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Twitter Chat: #EAOCRC March 2019

What is a Twitter Chat

A Twitter Chat is a running conversation on Twitter during a set time that revolves around a Twitter Chat for early age onset colorectal cancer patientspredetermined topic. The Twitter Chat can be found, followed, and contributed to by using a designated hashtag. For this Twitter chat on early age onset colorectal cancer it will be #EAOCRC.

Why participate in a Twitter Chat?

Participating in a Twitter Chat lets you be part of an important conversation, and allows you to pull up a seat at the table next to survivors, providers, organizations, and institutions. It is your chance to have your voice heard and to make your experience and work matter. It is also a great way to connect with others in the shared space who have a vested interested in the cause.

How to participate in a Twitter Chat?

For one hour, anyone interested is welcome to be part of the discussion topic of the Twitter Chat. Every Twitter Chat has a topic, and the questions asked revolve around this. It’s easy to join by following and using a designated hashtag which will be promoted in advance and used with very question asked.

Twitter Chat exampleThere are a set number of predetermined questions that will be presented in scheduled increments. Each question will be preceded with “Q1” through “Q9,” and participants can retweet with an answer appropriately labeled “A1” through “A9.” The Colon Cancer Coalition will be asking the questions from their Twitter account (@gyrig) and everyone should retweet any question they want to answer with their response so their answer makes sense.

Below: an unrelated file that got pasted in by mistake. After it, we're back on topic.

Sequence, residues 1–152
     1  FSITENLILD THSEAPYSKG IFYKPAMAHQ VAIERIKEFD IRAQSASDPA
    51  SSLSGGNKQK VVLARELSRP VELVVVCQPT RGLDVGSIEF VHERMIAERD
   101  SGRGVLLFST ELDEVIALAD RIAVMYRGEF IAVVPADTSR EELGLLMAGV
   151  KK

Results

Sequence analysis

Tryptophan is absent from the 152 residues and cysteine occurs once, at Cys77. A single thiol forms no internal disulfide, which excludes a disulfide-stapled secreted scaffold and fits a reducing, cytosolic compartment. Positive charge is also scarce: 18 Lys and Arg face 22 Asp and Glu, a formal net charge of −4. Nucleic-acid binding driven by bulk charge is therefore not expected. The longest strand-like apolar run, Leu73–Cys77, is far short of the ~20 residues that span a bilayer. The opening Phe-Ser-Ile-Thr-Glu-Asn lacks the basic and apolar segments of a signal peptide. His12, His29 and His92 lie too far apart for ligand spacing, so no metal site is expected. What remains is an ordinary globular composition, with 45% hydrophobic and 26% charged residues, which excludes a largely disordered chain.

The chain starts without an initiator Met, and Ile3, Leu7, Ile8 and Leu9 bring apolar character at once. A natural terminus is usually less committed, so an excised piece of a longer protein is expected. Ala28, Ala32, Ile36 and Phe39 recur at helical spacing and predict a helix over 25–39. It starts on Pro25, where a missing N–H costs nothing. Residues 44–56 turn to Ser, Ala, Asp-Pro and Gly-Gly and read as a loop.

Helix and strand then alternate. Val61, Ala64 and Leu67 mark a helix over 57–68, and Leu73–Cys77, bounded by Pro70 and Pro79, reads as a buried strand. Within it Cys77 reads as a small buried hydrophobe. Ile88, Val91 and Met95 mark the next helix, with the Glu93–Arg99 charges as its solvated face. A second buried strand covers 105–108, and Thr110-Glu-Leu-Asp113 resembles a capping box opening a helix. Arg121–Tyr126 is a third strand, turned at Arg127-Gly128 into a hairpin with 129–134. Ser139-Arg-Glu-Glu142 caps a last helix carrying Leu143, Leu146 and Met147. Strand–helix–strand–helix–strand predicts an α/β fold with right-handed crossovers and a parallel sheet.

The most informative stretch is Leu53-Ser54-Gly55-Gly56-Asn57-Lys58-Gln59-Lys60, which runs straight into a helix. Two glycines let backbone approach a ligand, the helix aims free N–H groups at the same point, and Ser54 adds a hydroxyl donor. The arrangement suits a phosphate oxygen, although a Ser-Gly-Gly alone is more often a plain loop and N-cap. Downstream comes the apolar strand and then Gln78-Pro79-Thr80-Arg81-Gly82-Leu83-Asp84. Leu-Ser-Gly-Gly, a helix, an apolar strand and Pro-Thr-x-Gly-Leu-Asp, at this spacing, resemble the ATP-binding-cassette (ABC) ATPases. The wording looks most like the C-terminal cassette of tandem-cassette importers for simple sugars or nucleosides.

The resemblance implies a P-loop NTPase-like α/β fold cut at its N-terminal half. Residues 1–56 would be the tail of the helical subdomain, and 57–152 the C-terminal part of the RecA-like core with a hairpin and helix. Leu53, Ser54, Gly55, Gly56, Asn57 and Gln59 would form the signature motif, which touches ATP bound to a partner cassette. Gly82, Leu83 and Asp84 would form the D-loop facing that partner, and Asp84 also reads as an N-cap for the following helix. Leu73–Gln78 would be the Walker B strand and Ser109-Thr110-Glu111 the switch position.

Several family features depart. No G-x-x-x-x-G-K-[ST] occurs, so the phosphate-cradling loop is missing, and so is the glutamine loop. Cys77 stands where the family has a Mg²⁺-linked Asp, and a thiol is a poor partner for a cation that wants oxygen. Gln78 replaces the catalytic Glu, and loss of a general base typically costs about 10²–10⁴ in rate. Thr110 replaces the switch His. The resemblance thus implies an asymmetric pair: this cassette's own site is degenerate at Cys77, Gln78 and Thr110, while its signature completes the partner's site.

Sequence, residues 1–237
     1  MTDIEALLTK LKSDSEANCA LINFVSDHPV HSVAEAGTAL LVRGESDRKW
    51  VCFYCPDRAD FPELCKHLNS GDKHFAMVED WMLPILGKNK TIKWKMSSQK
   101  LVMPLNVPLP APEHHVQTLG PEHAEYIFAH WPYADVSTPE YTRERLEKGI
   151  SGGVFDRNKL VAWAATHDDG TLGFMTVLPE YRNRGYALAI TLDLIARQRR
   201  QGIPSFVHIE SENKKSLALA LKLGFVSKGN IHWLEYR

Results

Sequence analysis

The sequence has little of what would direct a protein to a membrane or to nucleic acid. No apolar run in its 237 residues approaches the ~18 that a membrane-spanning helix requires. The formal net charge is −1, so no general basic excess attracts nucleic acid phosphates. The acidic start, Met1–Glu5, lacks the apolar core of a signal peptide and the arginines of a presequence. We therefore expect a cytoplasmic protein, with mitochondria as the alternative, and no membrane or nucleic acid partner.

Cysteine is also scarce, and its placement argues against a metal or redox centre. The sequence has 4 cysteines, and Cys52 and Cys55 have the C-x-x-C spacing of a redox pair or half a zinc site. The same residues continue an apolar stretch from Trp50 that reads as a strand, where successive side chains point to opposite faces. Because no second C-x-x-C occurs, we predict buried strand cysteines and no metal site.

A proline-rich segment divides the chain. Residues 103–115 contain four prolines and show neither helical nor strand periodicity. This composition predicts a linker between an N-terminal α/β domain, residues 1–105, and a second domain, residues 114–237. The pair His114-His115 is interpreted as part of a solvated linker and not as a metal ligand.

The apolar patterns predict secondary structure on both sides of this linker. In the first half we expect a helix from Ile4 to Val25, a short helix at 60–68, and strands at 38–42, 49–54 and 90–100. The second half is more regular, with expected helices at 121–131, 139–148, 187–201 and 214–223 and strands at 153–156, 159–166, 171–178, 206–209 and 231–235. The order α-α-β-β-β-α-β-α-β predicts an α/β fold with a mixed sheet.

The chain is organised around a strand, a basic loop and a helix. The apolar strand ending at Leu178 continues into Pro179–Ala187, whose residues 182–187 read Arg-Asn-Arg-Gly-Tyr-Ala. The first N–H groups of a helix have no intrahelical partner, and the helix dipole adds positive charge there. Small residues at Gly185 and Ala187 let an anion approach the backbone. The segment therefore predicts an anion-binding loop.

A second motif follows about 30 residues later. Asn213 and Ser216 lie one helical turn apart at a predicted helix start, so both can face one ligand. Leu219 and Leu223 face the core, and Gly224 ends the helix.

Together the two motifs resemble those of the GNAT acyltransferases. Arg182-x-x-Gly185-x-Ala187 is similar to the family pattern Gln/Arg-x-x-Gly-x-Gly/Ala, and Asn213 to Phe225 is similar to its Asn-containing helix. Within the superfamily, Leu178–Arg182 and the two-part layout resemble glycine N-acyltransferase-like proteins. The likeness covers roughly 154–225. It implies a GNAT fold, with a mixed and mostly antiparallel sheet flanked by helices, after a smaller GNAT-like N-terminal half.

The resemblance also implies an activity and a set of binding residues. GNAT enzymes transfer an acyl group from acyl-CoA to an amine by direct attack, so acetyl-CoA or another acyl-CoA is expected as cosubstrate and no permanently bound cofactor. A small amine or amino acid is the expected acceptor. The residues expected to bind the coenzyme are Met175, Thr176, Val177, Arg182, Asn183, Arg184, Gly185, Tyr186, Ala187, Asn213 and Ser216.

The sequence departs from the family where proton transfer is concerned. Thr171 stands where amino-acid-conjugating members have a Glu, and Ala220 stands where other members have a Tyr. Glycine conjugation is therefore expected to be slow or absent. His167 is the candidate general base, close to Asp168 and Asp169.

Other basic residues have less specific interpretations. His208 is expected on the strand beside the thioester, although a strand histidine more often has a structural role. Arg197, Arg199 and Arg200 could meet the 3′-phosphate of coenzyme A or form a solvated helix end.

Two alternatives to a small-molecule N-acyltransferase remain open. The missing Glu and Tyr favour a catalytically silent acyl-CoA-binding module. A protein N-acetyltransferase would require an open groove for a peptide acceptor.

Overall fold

Feel free to attach any resources, links, or photos in your response that will help support your answer. Responding to the questions live during the Twitter Chat is not a requirement for participation. We hope others will join in the hours and days after the chat, as the responses reverberate throughout Twitter.

Twitter Chat Questions:

Q1: As a colorectal cancer community we are doing so much to raise awareness about #EAOCRC with young adults and providers, yet those under 50 are still being misdiagnosed or shocked by a diagnosis. Why isn’t our message reaching these people and how can we do better?

Q2: What are some of the reactions you have gotten as a patient, caregiver, advocate, or provider when discussing #EAOCRC?

Q3: A recent study credits obesity as a factor in the rise of #EAOCRC. For many young onset patients, obesity doesn’t seem to apply. Though CRC is an obesity-related cancer, what are your thoughts on obesity as a cause in younger patients?

Q4: Financial toxicity after a cancer diagnosis puts many #EAOCRC survivors in a difficult place. Many don’t have savings, retirement, life insurance, home equity, or a second income from a partner. What can young people do to help manage/overcome this side effect of cancer?

Q5: There are many challenges young survivors/caregivers face that are unique to age. What challenges (career, fertility, parenting, dating, financial) have you found most surprising and what advice would you give to a survivor/caregiver facing these challenges? #EAOCRC

Q6: Mental health is a hot topic in the cancer community as we work to overcome the stigma associated with anxiety and depression. What can a patient or caregiver do to seek help in managing their mental health in conjunction with their disease? #EAOCRC

Q7: If you could say one thing to the providers misdiagnosing young adults or maybe even the provider that misdiagnosed you, what would it be? #EAOCRC

Q8: We know the floodgates are about to open as the rise of #EAOCRC continues upward. What programs (medical or organizationally based) are in place or being created to help with this oncoming rise?

Q9: If you could say one thing to an #EAOCRC patient or caregiver on the day they are told they have colon or rectal cancer, what would it be?


Upcoming Twitter Chats

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